Signal Transducer and Activator of Transcription 5a Mediates Mammary Ductal Branching and Proliferation in the Nulliparous Mouse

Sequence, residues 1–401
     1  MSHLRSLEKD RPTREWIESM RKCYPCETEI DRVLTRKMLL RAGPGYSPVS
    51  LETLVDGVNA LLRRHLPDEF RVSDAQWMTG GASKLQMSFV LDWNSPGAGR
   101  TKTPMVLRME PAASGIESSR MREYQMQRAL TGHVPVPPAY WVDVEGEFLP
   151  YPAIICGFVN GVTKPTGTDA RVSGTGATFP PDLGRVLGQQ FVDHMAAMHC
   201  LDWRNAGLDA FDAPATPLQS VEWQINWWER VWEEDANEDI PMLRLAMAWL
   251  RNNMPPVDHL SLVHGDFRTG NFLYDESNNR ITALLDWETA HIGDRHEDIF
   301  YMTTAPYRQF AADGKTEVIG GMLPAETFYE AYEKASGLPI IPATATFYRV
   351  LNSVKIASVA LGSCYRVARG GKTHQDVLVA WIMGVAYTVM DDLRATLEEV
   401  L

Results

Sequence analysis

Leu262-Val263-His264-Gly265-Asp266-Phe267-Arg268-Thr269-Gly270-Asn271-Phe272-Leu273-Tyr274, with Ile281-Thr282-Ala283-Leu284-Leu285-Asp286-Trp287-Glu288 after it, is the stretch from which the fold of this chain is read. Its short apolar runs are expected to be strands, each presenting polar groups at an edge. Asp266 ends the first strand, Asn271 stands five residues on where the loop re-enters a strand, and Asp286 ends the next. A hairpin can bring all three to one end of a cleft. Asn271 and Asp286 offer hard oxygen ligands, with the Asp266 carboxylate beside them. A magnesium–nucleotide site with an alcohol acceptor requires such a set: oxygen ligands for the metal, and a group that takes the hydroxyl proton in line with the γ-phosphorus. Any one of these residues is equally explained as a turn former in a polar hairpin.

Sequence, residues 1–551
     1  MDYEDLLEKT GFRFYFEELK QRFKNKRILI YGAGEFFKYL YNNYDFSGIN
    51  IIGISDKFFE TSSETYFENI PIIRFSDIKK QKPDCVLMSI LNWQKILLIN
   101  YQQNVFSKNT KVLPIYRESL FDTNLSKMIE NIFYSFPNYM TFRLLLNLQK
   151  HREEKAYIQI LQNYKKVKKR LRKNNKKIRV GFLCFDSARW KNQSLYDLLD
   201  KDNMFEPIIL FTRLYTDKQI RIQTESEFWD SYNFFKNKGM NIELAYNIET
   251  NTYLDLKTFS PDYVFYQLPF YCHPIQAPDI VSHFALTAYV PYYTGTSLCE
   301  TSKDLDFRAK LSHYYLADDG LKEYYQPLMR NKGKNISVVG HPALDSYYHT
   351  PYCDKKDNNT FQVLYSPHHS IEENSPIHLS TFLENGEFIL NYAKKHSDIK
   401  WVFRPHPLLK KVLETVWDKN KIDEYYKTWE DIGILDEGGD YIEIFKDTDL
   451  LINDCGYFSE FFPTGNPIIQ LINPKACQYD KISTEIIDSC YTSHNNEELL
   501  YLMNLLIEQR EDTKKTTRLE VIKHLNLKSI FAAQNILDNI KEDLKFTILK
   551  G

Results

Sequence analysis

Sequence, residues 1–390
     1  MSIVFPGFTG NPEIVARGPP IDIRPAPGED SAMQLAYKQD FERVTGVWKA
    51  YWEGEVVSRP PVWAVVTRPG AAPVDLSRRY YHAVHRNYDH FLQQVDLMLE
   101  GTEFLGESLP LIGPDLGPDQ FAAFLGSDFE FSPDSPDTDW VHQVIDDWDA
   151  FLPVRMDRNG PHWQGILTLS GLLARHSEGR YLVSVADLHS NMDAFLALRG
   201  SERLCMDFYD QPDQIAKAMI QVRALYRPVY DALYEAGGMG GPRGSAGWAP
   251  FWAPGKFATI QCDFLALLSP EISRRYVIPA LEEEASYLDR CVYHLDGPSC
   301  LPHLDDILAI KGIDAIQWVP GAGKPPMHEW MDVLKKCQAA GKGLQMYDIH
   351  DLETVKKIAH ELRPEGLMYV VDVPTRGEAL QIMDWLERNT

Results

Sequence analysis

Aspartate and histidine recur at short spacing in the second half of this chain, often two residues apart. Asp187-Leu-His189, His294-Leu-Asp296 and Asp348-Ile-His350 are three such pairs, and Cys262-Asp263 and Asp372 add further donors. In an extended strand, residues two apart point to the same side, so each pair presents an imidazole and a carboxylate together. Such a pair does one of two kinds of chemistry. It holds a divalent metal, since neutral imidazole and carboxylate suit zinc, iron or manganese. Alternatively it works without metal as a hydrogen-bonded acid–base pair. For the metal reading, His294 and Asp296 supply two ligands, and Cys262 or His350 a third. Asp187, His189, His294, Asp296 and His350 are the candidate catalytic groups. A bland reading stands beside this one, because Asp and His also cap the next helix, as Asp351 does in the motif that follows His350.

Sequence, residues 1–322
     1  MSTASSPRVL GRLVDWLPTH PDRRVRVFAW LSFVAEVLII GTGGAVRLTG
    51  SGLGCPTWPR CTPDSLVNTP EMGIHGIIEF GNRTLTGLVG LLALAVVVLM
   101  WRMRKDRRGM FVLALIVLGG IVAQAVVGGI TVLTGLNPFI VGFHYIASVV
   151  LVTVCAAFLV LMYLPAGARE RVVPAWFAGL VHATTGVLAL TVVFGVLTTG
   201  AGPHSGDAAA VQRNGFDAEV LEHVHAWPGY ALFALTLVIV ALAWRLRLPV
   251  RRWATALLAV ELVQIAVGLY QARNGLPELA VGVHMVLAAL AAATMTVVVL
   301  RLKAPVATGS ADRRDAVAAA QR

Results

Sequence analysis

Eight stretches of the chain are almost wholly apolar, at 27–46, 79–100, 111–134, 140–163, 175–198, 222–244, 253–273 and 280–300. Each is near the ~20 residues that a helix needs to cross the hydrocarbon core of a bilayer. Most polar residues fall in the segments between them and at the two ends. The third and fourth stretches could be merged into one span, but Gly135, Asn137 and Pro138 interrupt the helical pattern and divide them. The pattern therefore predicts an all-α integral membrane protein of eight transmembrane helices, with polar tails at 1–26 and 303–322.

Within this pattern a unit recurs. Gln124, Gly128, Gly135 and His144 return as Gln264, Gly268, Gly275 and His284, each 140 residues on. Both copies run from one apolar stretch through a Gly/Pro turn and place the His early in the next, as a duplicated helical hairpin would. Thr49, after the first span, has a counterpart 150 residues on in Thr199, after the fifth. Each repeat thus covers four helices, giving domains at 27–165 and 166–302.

ABSTRACT Signal transducer and activator of transcription (Stat)5a is a critical regulator of mammary gland development. Previous studies have focused on Stat5a's role in the late pregnant and lactating gland, and although active Stat5a is detectable in mammary epithelial cells in virgin mice, little is known about its role during early mammary gland development. In this report, we compare mammary gland morphology in pubertal and adult nulliparous wild-type and Stat5a-/- mice. The Stat5a-null mammary glands exhibited defects in secondary and side branching, providing evidence that Stat5a regulates these processes. In addition, Stat5a-/- mammary glands displayed an attenuated proliferative response to pregnancy levels of estrogen plus progesterone (E+P), suggesting that it plays an important role in early pregnancy. Finally, we examined one potential mediator of Stat5a's effects, receptor activator of nuclear factor-kappaB ligand (RANKL). Stat5a-/- mammary glands were defective in inducing RANKL in response to E+P treatment. In addition, regulation of several reported RANKL targets, including inhibitor of DNA binding 2 (Id2), cyclin D1, and the cyclin-dependent kinase inhibitor p21(Waf1/Cip1), was altered in Stat5a-/- mammary cells, suggesting that one or more of these proteins mediate the effects of Stat5a in E+P-treated mammary epithelial cells.